Gilbert had deeply hurt the Langley name and stolen goods from customers (£20,000). The event to save the shop was the lowly apprentice. Thomas Gilpin who had been bought by Haldanby for £40 was now the executor of his will and was in charge of finding a buyer for the disgraced store.

He kept the shop running and in 1739 ownership of it was transferred to him. Thomas Gilpin lived a quiet life, but he is credited as one of the masters of silver. One must imagine, he was a hardworking lad from nowhere and became a shop owner and master craftsman. He was everything Gilbert was not.


  • Father: Robert Gilpin
  • Mother: Ester Gilpin
  • Born/christened: 25th Sept 1692
  • Baptised: 13 march 1705 , Hockliffe,Bedford,England
  • Lived/employment: Silversmith, apprentice to Haldanby
  • Married: Margaret Gilpin
  • Children: Richard
  • Died: 1779

It is fair to say that his artwork, skill, and trustworthiness brought the business back to its previous standing in London. He died in 1780, having run the store for over 40 years and becoming a master of the Rocco style, his work is still for sale at Christies.

Rococo Style:

Hallmarked -T.G – 1740-

“Renowned 18th century English silversmith Thomas Gilpin, regarded as one of the great Rococo silversmiths and a contemporary of Paul de Lamerie, created this highly important silver epergne. A lasting symbol of dining elegance and social status for over 300 years, the crafting of an epergne was considered to be the truest test of skill for a silversmith. The quality and workmanship of this grand example make it clear why the epergne was considered much more than a dining accessory, but rather a status symbol of influence and taste”

Royal Banquets: expert from Goldsmith, Silversmiths and there hallmarks 1859

Thomas Gilpin, goldsmith, of Lincoln’s Inn Gate, entered his name at the Hall, 2nd July 1739. ” The grand service of plate which graced the Royal table, at the banquet given by Sir Samuel Fludyer at the Mansion House on Lord Mayor’s Day 1761, which the King and Queen honoured with their presence, was made new for the occasion by Mr. Gilpin, with whom the City exchanged a quantity of old plate for the new.” {Old English Plate, by W. I. Cripps.)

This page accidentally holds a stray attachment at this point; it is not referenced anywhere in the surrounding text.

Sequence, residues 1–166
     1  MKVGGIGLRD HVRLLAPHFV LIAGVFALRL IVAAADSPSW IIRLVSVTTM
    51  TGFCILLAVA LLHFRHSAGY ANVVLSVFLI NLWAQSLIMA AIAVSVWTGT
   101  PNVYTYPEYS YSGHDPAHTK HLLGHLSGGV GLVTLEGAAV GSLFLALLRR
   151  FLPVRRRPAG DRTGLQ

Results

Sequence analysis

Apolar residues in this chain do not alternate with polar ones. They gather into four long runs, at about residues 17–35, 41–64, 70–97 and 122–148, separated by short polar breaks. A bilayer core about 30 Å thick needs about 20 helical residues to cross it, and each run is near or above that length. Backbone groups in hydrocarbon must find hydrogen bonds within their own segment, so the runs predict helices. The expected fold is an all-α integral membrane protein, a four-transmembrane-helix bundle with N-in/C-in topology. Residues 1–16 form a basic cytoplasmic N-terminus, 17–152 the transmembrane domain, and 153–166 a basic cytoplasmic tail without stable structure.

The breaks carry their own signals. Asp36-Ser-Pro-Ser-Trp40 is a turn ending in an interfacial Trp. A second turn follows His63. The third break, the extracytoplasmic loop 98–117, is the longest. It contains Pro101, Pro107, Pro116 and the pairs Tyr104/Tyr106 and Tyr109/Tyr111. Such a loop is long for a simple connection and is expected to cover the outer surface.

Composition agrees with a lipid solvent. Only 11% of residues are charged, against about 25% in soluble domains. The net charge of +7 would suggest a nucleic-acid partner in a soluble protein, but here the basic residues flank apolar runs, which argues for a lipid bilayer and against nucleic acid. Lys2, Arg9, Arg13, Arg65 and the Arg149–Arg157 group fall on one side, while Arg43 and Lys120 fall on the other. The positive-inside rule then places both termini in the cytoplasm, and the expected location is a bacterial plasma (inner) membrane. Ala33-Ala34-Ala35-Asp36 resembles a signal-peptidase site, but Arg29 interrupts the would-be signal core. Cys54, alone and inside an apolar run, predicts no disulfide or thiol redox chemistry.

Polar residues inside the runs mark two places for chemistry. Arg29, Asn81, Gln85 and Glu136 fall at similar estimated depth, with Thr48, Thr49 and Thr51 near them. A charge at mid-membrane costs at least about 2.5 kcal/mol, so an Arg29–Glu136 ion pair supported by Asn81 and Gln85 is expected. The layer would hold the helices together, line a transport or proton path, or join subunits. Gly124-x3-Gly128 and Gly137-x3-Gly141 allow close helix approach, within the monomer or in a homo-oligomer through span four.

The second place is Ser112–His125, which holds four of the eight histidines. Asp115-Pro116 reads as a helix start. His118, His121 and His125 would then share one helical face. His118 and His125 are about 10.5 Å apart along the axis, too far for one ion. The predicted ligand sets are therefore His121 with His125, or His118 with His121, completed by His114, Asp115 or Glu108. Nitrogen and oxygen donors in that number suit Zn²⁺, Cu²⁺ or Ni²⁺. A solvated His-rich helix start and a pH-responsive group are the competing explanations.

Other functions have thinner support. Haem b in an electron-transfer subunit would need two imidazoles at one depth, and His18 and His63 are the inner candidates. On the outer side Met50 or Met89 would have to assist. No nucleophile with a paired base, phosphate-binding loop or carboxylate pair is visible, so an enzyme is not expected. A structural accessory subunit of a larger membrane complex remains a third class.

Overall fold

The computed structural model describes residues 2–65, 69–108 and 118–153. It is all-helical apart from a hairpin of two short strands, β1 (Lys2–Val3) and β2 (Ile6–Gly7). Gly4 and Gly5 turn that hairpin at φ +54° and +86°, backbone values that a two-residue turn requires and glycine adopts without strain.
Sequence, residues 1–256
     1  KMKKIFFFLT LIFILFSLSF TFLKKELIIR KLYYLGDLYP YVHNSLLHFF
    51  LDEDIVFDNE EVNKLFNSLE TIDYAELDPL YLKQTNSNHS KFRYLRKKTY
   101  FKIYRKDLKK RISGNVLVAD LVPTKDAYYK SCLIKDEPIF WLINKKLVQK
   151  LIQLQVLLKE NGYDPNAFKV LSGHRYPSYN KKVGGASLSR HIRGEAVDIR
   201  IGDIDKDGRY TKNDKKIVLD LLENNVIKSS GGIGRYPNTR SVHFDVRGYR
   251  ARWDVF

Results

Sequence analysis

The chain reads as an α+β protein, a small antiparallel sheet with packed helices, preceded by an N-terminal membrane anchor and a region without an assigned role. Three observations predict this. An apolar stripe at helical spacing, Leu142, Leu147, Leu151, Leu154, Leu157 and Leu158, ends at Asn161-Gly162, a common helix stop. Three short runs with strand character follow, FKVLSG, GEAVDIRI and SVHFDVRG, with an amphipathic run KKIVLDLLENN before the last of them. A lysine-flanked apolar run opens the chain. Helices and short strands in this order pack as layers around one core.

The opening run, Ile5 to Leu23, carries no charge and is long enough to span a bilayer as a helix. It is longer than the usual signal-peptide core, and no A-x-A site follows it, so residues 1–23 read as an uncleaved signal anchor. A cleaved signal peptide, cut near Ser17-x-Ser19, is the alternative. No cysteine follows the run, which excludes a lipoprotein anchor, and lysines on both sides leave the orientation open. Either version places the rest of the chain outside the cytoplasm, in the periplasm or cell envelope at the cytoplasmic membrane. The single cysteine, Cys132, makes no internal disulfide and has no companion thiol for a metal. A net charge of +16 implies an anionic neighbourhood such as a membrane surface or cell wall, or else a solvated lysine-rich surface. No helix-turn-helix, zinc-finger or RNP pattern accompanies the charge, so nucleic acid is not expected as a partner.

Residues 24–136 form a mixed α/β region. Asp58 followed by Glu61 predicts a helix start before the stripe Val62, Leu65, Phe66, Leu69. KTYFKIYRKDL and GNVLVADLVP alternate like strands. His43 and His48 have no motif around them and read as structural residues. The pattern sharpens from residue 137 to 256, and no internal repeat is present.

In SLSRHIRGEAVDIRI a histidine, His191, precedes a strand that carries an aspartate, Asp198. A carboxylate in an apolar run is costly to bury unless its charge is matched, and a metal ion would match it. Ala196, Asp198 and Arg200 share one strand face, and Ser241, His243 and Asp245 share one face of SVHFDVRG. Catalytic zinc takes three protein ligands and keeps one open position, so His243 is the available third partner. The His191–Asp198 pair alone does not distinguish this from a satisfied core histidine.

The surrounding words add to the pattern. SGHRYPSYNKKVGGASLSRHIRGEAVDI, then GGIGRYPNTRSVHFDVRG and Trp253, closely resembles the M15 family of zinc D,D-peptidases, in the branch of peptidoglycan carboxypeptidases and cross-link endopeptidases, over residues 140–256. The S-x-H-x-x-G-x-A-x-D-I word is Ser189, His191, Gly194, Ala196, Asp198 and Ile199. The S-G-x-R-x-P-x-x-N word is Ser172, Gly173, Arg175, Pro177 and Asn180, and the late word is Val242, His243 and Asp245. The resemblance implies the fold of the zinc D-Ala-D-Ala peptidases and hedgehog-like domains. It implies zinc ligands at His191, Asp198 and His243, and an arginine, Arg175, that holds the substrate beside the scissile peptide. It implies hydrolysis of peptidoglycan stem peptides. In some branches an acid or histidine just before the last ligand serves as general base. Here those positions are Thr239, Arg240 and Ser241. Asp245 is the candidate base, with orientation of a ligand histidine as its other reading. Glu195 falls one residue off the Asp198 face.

Hockleffe Parish:

Gilpin coat of arms

“The family of Gilpin, though no longer resident in this parish, has been connected with it from the 17th century. Robert Gilpin was rector here at his death in 1641, and monumental brasses in the parish church give a descent from him from father to son for four generations, the list terminating with Richard Gilpin, who died in 1841. (fn. 60) Mr. Peter Gilpin of Kilcullen (co. Kildare), the representative of the family, still owns Hockliffe Grange. ”

A History of the County of Bedford: Volume 3. Originally published by Victoria County History, London, 1912.


Apprenticeship documents: Master Haldanby.

Will of Thomas Gilpin

4 March 1780 Thomas Gilpin of Saint Clement Danes in the County of Middlesex Esquire will proved at London. One of his bequest to Margaret Pinner otherwise Pinder commonly called Margaret Gilpin was his dwelling house in Horcliffe. Among other things, she was given the use of his pew at Horcliffe. Another of his bequests was lands tenements tythes and heridiments and etc in the Counties of Bedford Bucks and Middlesex to his reputed son Richard Pinner otherwise Pinder commonly called Richard Gilpin. Reference:

TNA PROB 11/1062/207